IN RE: Gary P. DUPLECHAIN.
This disciplinary matter arises from formal charges filed by the Office of Disciplinary Counsel (“ODC”) against respondent, Gary P. Duplechain, an attorney licensed to practice law in Louisiana.
Respondent operated a real estate title company under the name GPD Title, LLC (“GPD Title”) from January 2005 until August 2010. Between January 2006 and June 2010, GPD Title acted as an agent for Commonwealth Land Title Insurance Company (“Commonwealth”). Under that agency relationship, GPD Title closed real estate transactions, collected title insurance premiums in connection with the closings, and remitted 20% of the collected premiums to Commonwealth. On June 3, 2010, a routine audit of GPD Title by Commonwealth revealed a shortage of approximately $5,000 in GPD Title's escrow account. Respondent subsequently admitted that he used funds from the escrow account to pay $1,963 in abstract costs for a closing which had not yet been funded and that he paid his employee's salaries using $1,050 drawn on the account in July 2009, and $2,000 drawn on the account in March 2010.
In June 2012, the ODC filed formal charges against respondent, alleging that his conduct, as set forth above, violated the following provisions of the Rules of Professional Conduct: Rules 1.15 (safekeeping property of clients or third persons), 8.4(a) (violation of the Rules of Professional Conduct), 8.4(b) (commission of a criminal act that reflects adversely on the lawyer's honesty, trustworthiness, or fitness as a lawyer), and 8.4(c) (engaging in conduct involving dishonesty, fraud, deceit, or misrepresentation).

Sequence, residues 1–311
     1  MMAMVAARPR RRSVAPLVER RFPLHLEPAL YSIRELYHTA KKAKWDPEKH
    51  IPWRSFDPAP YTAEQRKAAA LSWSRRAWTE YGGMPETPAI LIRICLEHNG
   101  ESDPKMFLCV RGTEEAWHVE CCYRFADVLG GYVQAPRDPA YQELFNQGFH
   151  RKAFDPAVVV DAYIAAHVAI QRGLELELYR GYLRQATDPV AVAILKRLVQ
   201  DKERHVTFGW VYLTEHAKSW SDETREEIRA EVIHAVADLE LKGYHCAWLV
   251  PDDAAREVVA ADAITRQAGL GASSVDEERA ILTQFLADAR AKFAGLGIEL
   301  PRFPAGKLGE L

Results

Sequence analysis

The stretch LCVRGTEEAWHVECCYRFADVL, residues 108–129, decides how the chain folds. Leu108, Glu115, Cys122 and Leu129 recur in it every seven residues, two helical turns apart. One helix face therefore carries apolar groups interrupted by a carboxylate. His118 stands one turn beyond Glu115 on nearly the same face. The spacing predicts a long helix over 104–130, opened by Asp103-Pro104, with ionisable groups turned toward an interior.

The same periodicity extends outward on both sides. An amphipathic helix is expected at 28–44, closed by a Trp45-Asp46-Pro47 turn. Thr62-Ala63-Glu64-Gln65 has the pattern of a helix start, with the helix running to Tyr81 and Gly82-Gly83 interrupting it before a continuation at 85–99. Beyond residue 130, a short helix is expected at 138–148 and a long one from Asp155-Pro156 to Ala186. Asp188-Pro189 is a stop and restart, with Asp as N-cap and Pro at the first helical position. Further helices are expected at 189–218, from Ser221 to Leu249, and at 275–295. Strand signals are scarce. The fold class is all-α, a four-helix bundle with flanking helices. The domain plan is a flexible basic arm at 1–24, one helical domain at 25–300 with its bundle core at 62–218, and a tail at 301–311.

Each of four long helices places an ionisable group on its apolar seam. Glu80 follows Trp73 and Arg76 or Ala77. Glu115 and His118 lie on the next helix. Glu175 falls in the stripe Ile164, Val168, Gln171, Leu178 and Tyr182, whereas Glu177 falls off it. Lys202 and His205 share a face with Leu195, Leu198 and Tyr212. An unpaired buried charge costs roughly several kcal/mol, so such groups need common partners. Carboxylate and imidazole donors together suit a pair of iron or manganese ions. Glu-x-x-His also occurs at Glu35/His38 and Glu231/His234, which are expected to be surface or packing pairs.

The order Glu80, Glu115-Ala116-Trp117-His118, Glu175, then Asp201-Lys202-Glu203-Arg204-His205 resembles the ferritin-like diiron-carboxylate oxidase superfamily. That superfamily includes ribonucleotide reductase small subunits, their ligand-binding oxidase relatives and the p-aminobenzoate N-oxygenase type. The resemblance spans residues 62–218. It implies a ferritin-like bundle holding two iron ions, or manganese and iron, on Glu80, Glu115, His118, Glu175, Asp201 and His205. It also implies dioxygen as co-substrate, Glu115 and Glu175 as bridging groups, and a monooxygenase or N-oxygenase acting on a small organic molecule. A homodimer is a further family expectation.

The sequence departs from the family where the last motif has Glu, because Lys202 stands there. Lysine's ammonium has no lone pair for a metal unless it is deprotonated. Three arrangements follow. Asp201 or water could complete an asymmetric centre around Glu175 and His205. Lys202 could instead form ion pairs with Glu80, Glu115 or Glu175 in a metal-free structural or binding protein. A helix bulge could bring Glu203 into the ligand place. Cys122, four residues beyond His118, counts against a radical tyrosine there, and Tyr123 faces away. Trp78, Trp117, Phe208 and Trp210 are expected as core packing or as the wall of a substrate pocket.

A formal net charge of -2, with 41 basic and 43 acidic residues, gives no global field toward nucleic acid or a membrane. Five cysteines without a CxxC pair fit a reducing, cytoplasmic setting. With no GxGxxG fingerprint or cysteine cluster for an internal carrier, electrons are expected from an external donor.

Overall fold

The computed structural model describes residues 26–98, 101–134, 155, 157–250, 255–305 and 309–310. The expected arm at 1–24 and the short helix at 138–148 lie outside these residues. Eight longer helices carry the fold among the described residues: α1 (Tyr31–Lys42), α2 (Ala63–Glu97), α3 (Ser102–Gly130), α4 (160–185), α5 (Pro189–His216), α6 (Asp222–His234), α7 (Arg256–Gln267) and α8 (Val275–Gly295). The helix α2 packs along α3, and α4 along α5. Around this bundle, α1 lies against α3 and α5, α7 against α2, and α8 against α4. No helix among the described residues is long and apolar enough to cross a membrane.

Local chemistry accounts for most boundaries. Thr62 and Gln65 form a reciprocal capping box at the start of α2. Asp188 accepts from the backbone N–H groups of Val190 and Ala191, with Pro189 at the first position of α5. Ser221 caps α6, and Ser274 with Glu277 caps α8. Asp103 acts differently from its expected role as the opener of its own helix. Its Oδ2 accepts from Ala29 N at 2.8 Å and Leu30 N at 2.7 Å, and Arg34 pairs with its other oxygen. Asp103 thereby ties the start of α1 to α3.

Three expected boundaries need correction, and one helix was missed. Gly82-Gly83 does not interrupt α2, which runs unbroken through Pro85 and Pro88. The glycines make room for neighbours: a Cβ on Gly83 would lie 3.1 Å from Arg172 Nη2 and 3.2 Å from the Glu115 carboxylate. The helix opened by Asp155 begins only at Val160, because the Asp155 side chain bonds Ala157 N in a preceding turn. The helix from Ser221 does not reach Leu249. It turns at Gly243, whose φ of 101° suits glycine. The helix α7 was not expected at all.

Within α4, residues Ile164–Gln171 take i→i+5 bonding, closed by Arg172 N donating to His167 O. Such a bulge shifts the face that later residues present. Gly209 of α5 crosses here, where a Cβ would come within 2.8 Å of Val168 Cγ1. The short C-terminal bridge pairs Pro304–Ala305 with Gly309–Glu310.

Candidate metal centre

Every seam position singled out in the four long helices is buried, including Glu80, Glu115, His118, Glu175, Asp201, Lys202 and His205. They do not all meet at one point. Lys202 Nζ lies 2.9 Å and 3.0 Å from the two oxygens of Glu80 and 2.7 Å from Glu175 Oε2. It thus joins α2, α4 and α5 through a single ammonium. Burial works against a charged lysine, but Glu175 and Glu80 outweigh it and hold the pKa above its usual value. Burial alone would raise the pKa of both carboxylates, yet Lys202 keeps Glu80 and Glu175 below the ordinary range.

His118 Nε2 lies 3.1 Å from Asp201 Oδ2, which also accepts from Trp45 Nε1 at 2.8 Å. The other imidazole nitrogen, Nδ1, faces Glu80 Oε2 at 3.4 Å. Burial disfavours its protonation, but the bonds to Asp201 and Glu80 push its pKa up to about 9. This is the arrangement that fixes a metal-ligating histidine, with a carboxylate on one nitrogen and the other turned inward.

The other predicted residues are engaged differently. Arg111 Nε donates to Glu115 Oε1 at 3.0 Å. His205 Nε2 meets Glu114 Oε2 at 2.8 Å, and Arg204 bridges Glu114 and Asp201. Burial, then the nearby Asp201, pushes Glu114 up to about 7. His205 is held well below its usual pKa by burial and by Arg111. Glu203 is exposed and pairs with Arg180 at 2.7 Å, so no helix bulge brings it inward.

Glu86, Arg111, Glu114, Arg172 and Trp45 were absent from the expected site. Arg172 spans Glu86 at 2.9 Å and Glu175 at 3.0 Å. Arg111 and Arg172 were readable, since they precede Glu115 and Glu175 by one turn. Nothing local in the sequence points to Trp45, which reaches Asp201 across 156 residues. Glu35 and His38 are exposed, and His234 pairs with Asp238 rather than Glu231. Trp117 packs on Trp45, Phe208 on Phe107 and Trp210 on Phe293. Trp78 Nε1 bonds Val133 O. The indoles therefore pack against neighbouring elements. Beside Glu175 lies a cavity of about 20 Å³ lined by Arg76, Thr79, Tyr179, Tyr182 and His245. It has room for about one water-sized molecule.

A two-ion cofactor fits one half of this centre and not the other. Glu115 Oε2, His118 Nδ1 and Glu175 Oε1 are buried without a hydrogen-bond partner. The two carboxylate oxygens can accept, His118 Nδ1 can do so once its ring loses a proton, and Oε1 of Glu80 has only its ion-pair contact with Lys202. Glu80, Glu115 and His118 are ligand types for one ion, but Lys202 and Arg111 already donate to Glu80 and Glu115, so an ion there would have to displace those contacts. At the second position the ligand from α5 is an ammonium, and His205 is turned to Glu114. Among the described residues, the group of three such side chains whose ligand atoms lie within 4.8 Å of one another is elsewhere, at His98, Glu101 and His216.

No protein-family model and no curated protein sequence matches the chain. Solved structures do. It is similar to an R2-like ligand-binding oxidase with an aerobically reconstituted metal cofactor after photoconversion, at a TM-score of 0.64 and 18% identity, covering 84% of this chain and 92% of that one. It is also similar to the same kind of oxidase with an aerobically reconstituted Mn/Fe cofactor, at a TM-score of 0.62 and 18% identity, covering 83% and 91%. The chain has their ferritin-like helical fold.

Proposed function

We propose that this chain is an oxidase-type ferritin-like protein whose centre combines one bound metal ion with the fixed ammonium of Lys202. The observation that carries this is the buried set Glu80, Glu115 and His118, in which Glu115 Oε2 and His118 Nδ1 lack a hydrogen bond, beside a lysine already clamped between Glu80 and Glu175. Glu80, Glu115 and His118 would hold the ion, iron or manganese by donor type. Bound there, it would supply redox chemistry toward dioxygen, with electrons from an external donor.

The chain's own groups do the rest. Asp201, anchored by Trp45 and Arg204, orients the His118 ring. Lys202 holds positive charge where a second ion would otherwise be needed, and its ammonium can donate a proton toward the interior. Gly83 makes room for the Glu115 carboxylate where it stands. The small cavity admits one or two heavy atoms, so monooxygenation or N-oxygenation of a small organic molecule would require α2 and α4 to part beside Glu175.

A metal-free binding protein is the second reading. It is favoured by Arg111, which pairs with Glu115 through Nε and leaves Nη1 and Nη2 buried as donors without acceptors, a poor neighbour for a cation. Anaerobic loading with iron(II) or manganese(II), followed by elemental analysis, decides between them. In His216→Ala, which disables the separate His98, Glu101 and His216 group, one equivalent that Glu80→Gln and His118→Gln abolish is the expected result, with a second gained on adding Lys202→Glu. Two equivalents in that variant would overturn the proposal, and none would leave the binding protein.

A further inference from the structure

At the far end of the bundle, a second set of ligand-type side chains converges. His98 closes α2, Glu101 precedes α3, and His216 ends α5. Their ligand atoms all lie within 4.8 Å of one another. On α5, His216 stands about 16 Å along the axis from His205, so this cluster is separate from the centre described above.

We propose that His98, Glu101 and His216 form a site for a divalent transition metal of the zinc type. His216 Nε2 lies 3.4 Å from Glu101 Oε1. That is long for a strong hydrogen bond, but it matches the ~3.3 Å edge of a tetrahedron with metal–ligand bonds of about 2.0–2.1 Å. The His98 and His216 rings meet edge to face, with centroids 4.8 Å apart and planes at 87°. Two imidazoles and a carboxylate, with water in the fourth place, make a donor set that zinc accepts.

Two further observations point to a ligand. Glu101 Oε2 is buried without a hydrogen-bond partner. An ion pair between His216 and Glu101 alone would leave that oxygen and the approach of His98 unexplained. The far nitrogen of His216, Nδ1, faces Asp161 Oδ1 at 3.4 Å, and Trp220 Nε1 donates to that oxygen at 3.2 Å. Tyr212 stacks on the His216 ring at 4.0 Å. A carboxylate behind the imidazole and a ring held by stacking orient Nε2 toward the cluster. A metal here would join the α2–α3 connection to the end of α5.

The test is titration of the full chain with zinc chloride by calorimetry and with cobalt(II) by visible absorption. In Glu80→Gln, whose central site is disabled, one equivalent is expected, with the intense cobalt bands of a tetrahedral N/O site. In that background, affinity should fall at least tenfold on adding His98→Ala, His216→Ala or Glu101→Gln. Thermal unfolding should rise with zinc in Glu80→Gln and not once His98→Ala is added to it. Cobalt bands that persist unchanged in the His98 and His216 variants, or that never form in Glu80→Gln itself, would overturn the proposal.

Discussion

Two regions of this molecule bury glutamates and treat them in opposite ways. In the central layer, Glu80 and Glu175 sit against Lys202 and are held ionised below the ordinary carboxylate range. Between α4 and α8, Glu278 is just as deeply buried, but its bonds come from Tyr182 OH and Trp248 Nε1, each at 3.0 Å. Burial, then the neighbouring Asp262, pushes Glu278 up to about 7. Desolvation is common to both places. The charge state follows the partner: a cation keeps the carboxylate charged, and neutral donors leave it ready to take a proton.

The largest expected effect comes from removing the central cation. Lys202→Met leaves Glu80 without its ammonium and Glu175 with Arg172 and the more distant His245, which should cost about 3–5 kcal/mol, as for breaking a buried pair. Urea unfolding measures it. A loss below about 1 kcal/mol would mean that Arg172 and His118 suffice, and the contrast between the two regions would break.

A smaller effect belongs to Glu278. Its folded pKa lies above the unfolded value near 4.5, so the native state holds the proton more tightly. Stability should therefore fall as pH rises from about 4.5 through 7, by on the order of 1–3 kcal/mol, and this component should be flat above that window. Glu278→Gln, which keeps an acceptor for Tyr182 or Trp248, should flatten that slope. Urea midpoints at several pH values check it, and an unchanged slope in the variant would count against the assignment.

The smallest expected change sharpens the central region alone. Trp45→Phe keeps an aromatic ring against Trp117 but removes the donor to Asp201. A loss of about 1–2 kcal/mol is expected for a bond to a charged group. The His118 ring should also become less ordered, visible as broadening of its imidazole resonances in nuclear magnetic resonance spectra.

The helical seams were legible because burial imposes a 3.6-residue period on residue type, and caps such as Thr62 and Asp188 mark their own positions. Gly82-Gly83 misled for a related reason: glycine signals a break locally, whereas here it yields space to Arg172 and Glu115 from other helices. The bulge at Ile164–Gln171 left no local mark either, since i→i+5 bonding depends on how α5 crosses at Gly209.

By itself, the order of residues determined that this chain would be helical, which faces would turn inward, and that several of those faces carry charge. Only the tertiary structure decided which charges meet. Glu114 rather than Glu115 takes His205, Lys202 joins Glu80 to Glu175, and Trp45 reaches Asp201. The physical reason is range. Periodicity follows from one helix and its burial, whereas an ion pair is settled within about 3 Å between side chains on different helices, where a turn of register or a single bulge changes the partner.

Respondent was served with the formal charges via certified mail but failed to answer. Accordingly, the factual allegations contained therein were deemed admitted and proven by clear and convincing evidence pursuant to Supreme Court Rule XIX, § 11(E)(3). No formal hearing was held, but the parties were given an opportunity to file with the hearing committee written arguments and documentary evidence on the issue of sanctions. Respondent filed nothing for the hearing committee's consideration.
Hearing Committee Report
After considering the ODC's deemed admitted submission, the hearing committee made factual findings consistent with the factual allegations set forth above. The committee also found that respondent has not paid restitution, although he indicated that he was in the process of resolving the unpaid escrow balance funds.1 Based on these findings, the committee determined that respondent violated the Rules of Professional Conduct as alleged in the formal charges.